Prior to Friday evening’s UEFA Nations League group opener versus Poland, Italy had not played a major international match in 10 months.
The cataclysmic failure of not qualifying for the 2018 FIFA World Cup last November meant the Azzurri faithful, and the remnants of the embarrassing Gian Piero Ventura era, had plenty of time for soul-searching at home as everyone focused on Russia. It was the wake-up call both the FIGC and Nazionale needed in hopes of restoring order and re-route the four-time World Cup winners on the right path.
Fast forward, and Roberto Mancini now acts as the CT, having managed one win (vs Saudi Arabia), one loss (vs France) and one draw (vs Netherlands). Albeit friendlies, a lax approach towards these fixtures resulted in Italy being dumped into a more difficult WCQ group so without question, each match holds weight – and Friday’s match with Poland was no exception.
Mancini’s 4-3-3 featured a tasteful blend of veterans and youth, with only captain Giorgio Chiellini and Leonardo Bonucci remaining from the old guard. Flanking the Juventus duo was Davide Zappacosta and Cristiano Biraghi. The midfield, an area starved of world-class difference-makers, contained Roberto Gagliardini, Lorenzo Pellegrini and Chelsea’s Jorginho. Up top, Lorenzo insigne and Federico Bernardeschi supported Mario Balotelli.
On paper, quality was there for Italy to play encouraging football, one with an emphasis on directness and desire to create chances. Yet, the Italians played with anything but attacking verve and inspiration.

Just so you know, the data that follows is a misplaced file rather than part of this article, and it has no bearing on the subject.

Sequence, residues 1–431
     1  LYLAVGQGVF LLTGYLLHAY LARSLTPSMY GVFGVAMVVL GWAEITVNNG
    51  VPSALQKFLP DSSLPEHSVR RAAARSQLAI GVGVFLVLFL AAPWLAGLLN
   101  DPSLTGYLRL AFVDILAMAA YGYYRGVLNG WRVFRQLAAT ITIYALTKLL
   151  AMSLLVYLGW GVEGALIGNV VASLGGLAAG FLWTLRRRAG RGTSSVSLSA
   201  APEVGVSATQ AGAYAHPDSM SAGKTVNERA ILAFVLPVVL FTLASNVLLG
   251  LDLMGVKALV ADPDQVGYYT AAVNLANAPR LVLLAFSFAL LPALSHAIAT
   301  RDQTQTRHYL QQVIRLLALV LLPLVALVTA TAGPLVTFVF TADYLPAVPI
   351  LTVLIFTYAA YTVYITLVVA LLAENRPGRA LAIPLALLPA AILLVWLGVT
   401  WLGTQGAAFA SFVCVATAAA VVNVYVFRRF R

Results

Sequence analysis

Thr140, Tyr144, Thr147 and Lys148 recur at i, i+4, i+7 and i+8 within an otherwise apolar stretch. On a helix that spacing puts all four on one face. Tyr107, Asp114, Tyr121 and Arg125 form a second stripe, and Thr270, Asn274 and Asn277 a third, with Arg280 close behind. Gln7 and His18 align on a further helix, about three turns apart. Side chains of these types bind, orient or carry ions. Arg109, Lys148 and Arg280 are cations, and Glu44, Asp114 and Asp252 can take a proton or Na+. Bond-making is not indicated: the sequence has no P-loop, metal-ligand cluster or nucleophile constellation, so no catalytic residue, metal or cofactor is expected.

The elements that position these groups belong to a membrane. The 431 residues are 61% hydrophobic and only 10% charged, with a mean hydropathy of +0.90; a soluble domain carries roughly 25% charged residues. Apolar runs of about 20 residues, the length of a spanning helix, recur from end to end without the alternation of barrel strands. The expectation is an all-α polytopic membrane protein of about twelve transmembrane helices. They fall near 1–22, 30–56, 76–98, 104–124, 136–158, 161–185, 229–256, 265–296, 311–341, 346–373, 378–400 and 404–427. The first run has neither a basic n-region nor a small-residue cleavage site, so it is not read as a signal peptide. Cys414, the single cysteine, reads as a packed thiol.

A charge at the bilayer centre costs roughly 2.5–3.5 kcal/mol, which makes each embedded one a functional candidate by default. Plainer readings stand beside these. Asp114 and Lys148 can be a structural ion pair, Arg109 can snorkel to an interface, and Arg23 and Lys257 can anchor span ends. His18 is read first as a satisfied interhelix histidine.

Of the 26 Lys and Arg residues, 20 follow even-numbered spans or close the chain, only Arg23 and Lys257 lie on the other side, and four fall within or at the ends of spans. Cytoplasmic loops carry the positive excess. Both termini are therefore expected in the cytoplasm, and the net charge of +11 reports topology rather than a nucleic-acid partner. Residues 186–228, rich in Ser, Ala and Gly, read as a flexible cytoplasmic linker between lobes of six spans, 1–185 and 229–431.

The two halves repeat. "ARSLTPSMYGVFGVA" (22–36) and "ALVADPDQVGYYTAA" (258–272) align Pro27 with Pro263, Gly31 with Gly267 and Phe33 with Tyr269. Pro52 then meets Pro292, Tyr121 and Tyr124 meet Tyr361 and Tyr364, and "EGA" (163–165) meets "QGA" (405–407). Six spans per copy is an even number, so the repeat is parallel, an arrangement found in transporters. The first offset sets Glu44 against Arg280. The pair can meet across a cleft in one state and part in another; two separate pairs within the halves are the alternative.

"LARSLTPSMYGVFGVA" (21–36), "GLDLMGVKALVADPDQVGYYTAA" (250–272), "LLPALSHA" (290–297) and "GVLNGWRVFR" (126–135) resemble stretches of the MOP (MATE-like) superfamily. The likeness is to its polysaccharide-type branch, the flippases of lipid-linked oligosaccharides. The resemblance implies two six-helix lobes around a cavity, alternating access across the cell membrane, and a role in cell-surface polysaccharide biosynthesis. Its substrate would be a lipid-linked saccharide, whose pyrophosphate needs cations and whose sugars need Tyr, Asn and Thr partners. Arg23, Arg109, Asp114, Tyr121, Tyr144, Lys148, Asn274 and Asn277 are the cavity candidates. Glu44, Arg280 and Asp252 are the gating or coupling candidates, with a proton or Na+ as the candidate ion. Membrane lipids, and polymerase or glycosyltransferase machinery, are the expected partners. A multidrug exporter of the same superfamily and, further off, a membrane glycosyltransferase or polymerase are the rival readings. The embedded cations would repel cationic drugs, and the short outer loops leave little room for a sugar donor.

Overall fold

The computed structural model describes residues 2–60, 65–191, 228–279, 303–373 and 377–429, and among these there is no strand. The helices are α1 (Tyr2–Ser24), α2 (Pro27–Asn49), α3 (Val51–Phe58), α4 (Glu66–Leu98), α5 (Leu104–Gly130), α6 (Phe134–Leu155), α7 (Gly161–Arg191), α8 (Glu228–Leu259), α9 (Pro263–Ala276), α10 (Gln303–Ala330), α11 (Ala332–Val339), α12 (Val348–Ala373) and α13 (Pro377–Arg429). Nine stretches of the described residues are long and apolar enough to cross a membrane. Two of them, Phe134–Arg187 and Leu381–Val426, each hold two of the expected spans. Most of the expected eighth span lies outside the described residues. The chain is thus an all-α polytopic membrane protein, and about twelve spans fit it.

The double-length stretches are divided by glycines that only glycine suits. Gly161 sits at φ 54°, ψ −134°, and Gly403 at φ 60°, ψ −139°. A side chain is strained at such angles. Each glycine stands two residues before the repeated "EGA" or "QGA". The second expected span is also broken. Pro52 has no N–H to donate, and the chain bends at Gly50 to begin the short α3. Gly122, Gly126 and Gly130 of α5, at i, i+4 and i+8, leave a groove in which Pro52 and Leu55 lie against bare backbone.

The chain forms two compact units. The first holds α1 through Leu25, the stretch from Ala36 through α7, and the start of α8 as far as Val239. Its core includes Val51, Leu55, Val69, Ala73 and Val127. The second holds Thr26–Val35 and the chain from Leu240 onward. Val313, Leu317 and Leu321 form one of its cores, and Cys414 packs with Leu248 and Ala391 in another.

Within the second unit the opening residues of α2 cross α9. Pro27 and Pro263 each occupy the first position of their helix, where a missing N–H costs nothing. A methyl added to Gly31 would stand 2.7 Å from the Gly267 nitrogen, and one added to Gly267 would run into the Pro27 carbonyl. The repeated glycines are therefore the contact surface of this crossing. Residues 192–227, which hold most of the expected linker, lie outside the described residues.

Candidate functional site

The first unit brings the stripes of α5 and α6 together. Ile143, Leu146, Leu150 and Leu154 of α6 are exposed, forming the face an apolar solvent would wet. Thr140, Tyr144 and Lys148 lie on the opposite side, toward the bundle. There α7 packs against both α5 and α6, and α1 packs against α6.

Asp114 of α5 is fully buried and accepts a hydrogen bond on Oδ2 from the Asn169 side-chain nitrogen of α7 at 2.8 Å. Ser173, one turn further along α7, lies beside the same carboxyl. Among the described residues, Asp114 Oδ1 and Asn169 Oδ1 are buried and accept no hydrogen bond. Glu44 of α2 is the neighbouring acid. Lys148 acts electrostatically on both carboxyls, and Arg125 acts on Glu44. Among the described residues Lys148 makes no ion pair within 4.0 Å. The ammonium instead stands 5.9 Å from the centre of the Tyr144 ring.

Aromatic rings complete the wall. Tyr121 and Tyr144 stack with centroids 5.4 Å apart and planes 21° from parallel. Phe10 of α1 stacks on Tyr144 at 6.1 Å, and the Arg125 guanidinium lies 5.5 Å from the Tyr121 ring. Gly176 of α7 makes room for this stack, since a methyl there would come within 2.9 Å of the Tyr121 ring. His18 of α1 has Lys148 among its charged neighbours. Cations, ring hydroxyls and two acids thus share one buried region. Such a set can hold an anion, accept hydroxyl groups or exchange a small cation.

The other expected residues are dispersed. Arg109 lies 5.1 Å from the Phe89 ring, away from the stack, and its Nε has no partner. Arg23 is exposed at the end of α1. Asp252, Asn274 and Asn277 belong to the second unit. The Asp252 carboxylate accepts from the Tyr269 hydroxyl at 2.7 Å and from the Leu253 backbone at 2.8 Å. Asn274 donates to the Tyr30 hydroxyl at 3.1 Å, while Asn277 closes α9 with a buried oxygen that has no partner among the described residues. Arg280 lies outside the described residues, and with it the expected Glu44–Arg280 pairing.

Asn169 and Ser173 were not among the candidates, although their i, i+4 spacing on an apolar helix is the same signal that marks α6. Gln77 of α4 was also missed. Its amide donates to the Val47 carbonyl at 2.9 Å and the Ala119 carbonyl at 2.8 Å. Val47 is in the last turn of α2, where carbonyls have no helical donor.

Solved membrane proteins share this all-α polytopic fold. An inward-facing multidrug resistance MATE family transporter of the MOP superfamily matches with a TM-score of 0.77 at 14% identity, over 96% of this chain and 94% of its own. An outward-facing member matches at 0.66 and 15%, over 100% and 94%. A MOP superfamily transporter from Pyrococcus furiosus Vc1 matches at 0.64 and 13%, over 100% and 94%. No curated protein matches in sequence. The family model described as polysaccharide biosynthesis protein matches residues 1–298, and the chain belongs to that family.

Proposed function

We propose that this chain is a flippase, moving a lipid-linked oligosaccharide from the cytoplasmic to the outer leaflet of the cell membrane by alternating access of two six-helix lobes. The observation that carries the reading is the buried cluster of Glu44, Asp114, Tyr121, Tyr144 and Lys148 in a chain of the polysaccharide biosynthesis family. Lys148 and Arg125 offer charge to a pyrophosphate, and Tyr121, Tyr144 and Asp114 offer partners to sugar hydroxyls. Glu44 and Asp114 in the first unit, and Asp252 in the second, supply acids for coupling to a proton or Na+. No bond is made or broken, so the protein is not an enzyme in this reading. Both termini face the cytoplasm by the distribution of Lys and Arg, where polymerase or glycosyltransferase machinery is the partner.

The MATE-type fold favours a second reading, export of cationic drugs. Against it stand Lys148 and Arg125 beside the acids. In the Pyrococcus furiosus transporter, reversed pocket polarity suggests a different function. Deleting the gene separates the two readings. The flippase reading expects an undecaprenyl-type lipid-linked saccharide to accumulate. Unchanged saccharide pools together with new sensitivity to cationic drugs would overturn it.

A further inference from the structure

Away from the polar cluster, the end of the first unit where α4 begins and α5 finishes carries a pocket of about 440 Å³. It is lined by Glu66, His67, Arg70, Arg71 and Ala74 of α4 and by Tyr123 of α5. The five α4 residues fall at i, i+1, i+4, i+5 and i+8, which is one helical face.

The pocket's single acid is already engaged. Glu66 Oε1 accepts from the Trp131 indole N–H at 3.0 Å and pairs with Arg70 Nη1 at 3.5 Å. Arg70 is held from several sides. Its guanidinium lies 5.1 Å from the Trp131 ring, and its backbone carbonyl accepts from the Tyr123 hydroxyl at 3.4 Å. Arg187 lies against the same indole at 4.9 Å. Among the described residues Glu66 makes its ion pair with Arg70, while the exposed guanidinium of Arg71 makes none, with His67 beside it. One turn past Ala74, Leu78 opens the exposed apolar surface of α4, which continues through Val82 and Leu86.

Instead, too much time and possession was spent outside of dangerous areas to apply pressure to a Poland side in transition with a new Coach. Beyond the individual errors that summoned Gianluigi Donnarumma to bail out his teammates with two superb saves, Italy’s style of play was casual and lethargic – and this was no more prevalent than in the midfield.
Compounded by the fact both Gagliardini and Pellegrini turned in ineffective shifts, Jorginho uncharacteristically left much to be desired himself. Because of this, it would be wise for Mancini to include Giacomo Bonaventura from the start, as his cameo in the second half helped encourage Italy to stretch the field and open up opportunities going forward.
Italy’s full-back problem persists, and that was quite obvious with the way Biraghi failed to beat the first man to deliver a single decent cross into Balotelli, along with Zappacosta showing why he is not cut out for the National Team. Or at least not in a four-man defence.
Unfortunately for Mancini, much like in the middle of the park, there is little in the way of depth or quality. However, Emerson Palmieri excels at getting into advanced areas and at the very least applying pressure. Expect Mancini to take a real hard look at the former Roma man versus Portugal.
In the first half against Poland, Balotelli touched the ball just 10 times, with just one inside the penalty area. While the Nice hitman was silent, he did not necessarily receive proper service from either Insigne or Bernardeschi.
Considering Italy’s insufficient amount of playmakers, Mancini ought to examine his options in this department, including Federico Chiesa.
Fiorentina’s young ace immediately provided a spark from the bench and that directness Mancini hoped for. The 20-year-old’s quickness and confidence running at defenders ultimately led to not only Italy’s first shot on goal in the 73rd minute, but also the penalty that Jorginho buried shortly after. Based on his brief but influential appearance, Chiesa cannot be left on the bench vs Portugal.
Expecting a complete re-shuffling of the starting XI for Portugal is daft, but there are several switches Mancini must make if Italy are to respond in a positive manner. The Azzurri let Poland’s simple counter-attacking and Piotr Zielinski’s blanketing of Jorginho render their build-up useless, so besides altering the personnel, Mancini needs to change the mindset of the group altogether from one rooted in conservative play to a style with emphasis on taking the game to the opposition.